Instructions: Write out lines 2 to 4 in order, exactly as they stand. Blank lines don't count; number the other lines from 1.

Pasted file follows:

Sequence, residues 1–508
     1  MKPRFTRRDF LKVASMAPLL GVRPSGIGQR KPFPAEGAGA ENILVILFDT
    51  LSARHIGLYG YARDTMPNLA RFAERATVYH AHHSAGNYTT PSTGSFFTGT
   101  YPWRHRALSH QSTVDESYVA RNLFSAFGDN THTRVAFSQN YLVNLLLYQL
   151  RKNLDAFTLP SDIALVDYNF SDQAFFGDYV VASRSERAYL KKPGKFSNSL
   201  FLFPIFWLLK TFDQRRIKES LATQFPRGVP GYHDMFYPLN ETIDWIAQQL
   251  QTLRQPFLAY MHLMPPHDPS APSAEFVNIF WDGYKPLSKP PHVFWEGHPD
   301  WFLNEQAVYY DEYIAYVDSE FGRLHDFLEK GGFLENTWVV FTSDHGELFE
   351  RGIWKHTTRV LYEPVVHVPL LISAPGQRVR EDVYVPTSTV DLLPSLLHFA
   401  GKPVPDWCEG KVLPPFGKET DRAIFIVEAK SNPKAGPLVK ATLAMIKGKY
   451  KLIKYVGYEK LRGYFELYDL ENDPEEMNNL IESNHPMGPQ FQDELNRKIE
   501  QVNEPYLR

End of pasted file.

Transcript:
     1  MKPRFTRRDF LKVASMAPLL GVRPSGIGQR KPFPAEGAGA ENILVILFDT
    51  LSARHIGLYG YARDTMPNLA RFAERATVYH AHHSAGNYTT PSTGSFFTGT
   101  YPWRHRALSH QSTVDESYVA RNLFSAFGDN THTRVAFSQN YLVNLLLYQL